• With this information in mind, we assembled a continuous-flow system that would advantageously emulate oral cavity conditions for our strains and most importantly for any sample of oral microbiome freshly isolated from a patient's oral cavity (i.e., ex-vivo microbiome). A combination of the Ibidi Slide VI0.4 (i.e. base 15 containing channels 25 defined by channel walls 55) with Bio-Rad™ Econo Gradient pump (i.e. pump 70) allowed for a good approximation of the above-specified conditions. A single-channel 25 volume of Ibidi Slide (i.e. base 15) is 30 μL and the minimum flow rate of the pump 70 (with the inner diameter of pump tubing being 0.8 mm) is 600 μL per hour which results in D=20 h−1, if considering a single channel 25 to be a continuous-flow vessel. While, arguably, prevailing laminar streaming in the channel 25 may cause substantially higher values of D at any given point of the channel 25, practical implementation of the system sustained massive biofilm formation of both single oral isolates and entire plaque samples (Wenderska, Legner, Cvitkovitch; Huang, Legner, Finer; unpublished data). Moreover, connecting the Ibidi channels 25 (using silicone tubing as channel connectors 50) in series of up to 6 units allowed us to visualize and quantify a gradient of biofilm and extracellular matrix mass decreasing from a single-point nutrient supply (inflow to the Channel 1) towards the outflow from the system (Channel 6).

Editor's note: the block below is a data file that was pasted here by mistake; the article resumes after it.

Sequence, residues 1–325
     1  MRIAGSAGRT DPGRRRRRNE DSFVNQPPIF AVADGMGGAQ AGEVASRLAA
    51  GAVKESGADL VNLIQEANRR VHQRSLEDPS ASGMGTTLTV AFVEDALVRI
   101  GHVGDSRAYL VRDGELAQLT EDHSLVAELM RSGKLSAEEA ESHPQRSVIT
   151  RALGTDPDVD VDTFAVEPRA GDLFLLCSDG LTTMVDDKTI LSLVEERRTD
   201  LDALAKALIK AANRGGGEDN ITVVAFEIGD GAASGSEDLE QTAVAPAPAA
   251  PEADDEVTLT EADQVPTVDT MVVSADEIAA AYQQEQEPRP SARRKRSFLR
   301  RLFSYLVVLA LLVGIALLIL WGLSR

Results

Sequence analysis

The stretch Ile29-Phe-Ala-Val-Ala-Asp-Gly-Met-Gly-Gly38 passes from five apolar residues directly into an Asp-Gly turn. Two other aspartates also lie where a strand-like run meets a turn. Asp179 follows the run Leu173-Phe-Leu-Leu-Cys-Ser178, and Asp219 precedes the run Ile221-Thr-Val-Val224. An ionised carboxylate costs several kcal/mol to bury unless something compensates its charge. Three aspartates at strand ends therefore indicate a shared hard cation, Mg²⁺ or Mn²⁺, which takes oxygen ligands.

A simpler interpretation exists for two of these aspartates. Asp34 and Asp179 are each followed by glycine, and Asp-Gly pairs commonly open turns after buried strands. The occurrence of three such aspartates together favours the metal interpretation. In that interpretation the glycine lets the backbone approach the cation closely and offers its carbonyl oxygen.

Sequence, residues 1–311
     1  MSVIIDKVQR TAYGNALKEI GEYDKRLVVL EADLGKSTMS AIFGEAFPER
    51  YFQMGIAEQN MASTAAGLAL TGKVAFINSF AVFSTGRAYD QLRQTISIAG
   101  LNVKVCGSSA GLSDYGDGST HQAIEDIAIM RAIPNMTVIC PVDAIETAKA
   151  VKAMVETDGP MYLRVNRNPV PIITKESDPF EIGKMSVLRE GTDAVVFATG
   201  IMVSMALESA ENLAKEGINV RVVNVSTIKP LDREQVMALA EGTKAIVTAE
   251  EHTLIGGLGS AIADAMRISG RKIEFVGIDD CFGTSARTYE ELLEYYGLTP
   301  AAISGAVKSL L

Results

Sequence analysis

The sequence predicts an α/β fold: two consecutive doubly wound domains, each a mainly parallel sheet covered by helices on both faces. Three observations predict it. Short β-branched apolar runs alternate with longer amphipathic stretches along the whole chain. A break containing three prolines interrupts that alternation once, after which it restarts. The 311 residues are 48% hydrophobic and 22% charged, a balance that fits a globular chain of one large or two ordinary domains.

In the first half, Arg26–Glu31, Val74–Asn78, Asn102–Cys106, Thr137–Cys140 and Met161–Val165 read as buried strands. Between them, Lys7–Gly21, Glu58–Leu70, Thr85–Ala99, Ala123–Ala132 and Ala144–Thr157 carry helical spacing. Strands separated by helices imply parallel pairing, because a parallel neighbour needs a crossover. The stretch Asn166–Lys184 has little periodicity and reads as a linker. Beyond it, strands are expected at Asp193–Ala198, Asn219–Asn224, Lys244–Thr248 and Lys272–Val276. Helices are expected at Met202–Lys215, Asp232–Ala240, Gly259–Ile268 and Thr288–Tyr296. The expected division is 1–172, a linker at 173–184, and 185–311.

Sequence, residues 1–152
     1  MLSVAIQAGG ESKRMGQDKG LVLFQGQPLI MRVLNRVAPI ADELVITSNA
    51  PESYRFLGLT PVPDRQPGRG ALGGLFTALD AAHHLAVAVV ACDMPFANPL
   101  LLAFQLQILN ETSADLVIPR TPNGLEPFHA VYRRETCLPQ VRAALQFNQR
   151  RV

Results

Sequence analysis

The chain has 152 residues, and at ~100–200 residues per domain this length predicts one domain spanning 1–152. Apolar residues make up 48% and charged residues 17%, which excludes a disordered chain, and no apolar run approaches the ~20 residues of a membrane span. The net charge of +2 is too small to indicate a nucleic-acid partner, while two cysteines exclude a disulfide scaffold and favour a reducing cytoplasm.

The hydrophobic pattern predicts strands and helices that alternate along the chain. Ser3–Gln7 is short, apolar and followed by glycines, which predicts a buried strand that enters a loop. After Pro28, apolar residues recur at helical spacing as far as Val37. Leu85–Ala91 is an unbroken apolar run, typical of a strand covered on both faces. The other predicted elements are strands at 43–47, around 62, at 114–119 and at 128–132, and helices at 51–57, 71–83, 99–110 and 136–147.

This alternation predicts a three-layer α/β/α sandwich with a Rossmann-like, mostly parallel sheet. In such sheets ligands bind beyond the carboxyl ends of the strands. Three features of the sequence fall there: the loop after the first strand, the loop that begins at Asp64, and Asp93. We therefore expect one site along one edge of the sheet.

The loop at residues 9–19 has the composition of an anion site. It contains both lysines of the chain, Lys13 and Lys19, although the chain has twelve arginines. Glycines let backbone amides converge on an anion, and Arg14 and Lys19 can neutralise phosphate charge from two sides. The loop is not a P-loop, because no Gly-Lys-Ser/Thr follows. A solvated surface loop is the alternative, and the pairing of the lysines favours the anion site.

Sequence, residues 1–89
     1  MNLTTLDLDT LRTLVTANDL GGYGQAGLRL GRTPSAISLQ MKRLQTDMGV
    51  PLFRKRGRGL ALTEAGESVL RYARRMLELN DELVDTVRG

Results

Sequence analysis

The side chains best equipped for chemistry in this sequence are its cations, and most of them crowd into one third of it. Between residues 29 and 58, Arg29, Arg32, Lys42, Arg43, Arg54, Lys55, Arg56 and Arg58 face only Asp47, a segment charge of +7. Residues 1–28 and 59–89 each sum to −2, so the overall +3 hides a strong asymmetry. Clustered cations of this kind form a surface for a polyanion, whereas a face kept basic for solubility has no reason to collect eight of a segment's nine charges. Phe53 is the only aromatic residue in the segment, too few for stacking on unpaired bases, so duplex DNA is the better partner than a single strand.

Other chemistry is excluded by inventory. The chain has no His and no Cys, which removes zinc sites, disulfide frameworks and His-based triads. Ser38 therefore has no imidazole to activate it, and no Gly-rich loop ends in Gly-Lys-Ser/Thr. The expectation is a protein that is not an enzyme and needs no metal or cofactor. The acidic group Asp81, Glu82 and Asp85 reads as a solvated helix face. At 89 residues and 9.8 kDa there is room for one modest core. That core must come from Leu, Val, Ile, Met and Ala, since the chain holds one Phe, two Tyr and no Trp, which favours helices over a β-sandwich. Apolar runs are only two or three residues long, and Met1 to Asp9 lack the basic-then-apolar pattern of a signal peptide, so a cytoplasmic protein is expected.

• Another parameter to watch for while simulating oral conditions is the shear stress under which oral biofilms (the plaque) exist. A shear stress during normal salivation is reported to be 0.001 to 0.5 dyn·cm−2, while the shear stress during e.g. biting an apple (stimulated salivation) is known to be at 2.0 dyn·cm−2 (Busher & van der Mei 2006; Clinical Microbiol. Rev. 19: 127).
  • When application to oral plaque conditions is attempted using the WPM flow cells (e.g. BioFlux™) systems, the effort is made to simulate actual shear stress values. However, a disadvantage of known systems is that the shear stress they generate only marginally overlaps with the normal salivation values (the lower bound of reported range for BioFlux™ is at 0.2 dyn·cm2; Nance et al. 2013; J. Antimicrob. Chemotherapy 68:2550). Contrary to known systems, the presently described continuous flow system 10 can advantageously give rise to a lower bound of available range of shear stress values of 0.01 dyn·cm−2, which is well within normal oral salivation conditions.
  • Table 2 shows the results of a comparison of shear stress in the proximity of a submerged surface between Ibidi channels 25, a BioFlux™ system, and a rotating disc reactor.